Playing Pandu with Country’s Future
The Government has announced the resumption of academic activities of the primary sections of schools that have less than 200 students from today (21) as the first phase of an ambitious plan of completely reopening schools in the country in November. Accordingly, about 5,000 schools in the country that have less than 200 students are to be reopened from today. Education Ministry expects to reopen 5,056 schools today with 463,995 students and 53,615 teachers returning to schools.
However, complete resumption of academic activities is still lies in the dark with teacherprincipal trade unions remaining widely divided on whether or when to return to work. Even though, teachers are being heavily criticised for picking a troubled pandemic time – a global crisis – to agitate against their salary anomalies that prevailed for more than two decades, one should not forget the fact that it was teachers and principals who voluntarily started teaching students using online platforms at a time Government or education authorities had no plans in sight to continue academic activities after it was decided to close schools in early March 2020.
Nevertheless, anyone in right mind would not be able to justify the continued stalemate between striking trade unions and authorities in coming to a consensus for almost 100 days, as it has led already troubled education system of the country to a deeper mess. Not only the results of GCE Ordinary Level Examination 2020 were released sans aesthetic subjects as the aptitude tests not being held, holding of all three main examinations due in 2021 – GCE Advanced Level, Grade 5 Scholarship and the Ordinary Level – still hangs in balance.
This was due to teachers refusing to process the exam admissions, which is a primary duty. After much deliberation and several rounds of discussions, Government initially agreed to resolve salary issues in three stages to which the striking trade unions opposed. Following a crucial discussion held in Temple Trees with teacher-principal unions, the Government announced the reopening of schools on 21 October. While, teachers attached to SLPP trade unions agreed to return to schools today, two main education sector trade unions – Ceylon Teachers Union headed by Joseph Stalin and All Ceylon Teacher Services Union headed by Mahinda Jayasinghe – said they will only return to work on 25 October and will go on strike on 21 and 22 October.
Even though it is unclear as to why Government announced 21 October as the date to reopen schools, many parents have expressed views against it. Understandably, 21 October being a Thursday that falls after two official holidays and with weekend around the corner, lots of parents may not send their children to schools. Parents leave their children in schools as they are used to blindly trust teachers as the safest hands to protect children in their absence and with teachers expressing uncertainty in reporting to work, the parents too will have second thoughts in sending children.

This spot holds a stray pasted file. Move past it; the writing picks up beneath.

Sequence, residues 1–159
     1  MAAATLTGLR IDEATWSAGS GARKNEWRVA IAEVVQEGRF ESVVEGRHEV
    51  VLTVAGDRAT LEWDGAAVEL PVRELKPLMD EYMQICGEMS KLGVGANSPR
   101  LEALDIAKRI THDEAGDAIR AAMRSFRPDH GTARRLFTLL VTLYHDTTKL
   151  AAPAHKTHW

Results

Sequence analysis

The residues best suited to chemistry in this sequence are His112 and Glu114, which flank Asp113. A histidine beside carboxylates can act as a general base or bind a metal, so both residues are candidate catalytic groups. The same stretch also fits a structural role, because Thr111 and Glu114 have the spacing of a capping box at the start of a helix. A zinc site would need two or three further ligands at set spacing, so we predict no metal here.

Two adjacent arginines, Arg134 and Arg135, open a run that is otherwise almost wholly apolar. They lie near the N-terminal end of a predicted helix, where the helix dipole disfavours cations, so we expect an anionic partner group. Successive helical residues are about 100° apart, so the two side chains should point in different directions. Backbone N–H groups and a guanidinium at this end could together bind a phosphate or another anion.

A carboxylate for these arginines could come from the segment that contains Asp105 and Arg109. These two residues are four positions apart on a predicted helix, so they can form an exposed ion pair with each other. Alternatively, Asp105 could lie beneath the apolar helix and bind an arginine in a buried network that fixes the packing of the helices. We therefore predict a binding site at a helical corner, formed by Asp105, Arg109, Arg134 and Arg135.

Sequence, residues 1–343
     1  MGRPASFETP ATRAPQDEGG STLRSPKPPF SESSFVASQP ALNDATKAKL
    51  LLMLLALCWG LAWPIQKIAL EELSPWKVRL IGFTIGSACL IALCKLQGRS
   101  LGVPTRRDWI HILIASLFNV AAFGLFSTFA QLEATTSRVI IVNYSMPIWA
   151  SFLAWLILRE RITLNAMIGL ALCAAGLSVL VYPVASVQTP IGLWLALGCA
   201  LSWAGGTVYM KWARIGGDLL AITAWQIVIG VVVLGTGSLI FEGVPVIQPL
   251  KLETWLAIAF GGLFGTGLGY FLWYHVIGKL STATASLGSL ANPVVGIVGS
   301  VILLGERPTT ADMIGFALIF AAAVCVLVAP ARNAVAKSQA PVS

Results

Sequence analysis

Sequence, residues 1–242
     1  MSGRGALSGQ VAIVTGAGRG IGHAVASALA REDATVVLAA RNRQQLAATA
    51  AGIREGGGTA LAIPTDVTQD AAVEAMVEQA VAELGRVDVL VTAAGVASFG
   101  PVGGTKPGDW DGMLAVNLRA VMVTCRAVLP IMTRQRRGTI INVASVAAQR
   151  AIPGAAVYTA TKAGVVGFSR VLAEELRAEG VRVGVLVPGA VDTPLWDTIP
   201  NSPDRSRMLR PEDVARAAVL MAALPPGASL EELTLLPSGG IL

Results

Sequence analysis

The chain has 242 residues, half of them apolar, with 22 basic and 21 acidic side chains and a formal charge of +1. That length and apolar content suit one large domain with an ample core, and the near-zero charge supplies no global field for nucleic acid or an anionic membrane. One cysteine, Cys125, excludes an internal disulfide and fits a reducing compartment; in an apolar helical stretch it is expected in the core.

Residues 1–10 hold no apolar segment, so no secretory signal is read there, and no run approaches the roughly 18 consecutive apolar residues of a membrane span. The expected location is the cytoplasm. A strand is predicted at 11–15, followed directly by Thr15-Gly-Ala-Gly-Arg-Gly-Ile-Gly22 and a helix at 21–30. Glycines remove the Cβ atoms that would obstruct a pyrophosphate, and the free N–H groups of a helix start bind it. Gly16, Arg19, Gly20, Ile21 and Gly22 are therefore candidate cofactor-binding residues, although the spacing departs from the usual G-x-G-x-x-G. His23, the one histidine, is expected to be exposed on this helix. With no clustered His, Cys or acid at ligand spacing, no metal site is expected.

It is in the midst of this that trade unions led by Ven. Ulapane Sumangala Thera have threatened to continue strike action and blamed others who were willing to call it off for betraying the battle and called them traitors. One should not take it lightly that the pandemic alone has disrupted the education of more than 800 million children in Asia – 400 million in South Asia – due to school closures since the start of the COVID-19 pandemic in early 2020. Out of the 210 school days in 2020 schools were functioning for only 65 days.
According to statistics made available to Parliament in early October, the success rate of alternatives followed in continuing academic activities including teaching via online platforms is mere 40%. Starting primary section education is of utmost importance as schools provide a balanced education, which helps to promote the child’s psychological and mental growth. It is not only about academics as children also learn a wide range of important life skills like good manners, teamwork, sharing, responsibility, and unity, from schools.
In school, children are exposed to various sources of knowledge and this helps them to develop their thought processes. The school also helps in socialising a child as they are exposed to divergent views, both from their teachers and also from their fellow learners. From these diverging views, children will learn social skills like friendship, empathy, assistance, and teamwork, which will be vital in their adulthood. Schooling and education, in general, are important agents of change. The education, skills, and information acquired in school help to improve livelihoods, enhance social skills, contribute to social stability, promote child development, improve our societies, and drive long-term economic development.
So, whether it’s about financial security, commanding respect, family stability or community development, learning and proper schooling, the importance of the school cannot be undervalued. Anything that hinders child’s right to acquire these skills is hindering the future of the country as children of today are the adults of tomorrow and they will need the right skills to contribute to the economy in a few years to come. It is at this point where school comes in playing the most important role and that role could not be completed without teachers. Playing politics with the future of the country cannot be condoned by any responsible citizen of the country.